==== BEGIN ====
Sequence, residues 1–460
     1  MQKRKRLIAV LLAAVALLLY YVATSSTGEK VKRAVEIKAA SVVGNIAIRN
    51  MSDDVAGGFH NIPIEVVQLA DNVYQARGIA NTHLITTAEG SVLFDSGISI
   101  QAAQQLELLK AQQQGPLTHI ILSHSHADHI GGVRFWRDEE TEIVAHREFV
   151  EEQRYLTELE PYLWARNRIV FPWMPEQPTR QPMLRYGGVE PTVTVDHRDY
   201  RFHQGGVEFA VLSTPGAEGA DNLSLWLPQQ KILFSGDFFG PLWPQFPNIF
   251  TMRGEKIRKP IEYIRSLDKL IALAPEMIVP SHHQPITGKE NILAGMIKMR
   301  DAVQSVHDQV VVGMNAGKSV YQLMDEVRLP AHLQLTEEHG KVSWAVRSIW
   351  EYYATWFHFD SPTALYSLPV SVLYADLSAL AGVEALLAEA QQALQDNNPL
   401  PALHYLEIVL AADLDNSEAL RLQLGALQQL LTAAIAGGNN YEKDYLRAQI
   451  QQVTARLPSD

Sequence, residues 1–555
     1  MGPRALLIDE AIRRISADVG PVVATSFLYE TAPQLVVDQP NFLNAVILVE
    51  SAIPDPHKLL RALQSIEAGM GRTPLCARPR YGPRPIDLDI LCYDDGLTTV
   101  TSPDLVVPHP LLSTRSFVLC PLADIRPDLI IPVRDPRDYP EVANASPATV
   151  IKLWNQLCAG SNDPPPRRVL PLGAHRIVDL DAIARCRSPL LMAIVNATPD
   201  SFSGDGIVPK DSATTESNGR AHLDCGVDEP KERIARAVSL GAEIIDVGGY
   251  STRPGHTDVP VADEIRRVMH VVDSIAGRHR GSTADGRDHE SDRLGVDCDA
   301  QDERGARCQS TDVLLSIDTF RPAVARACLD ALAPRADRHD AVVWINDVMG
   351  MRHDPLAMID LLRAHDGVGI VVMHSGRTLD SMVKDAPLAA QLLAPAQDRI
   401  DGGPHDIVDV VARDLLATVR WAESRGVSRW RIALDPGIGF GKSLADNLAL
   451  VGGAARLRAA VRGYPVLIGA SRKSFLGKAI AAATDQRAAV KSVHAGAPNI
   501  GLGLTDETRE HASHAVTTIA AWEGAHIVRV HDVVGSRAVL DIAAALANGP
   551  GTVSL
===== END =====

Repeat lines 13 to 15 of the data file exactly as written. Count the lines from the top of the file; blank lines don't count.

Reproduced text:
     1  MGPRALLIDE AIRRISADVG PVVATSFLYE TAPQLVVDQP NFLNAVILVE
    51  SAIPDPHKLL RALQSIEAGM GRTPLCARPR YGPRPIDLDI LCYDDGLTTV
   101  TSPDLVVPHP LLSTRSFVLC PLADIRPDLI IPVRDPRDYP EVANASPATV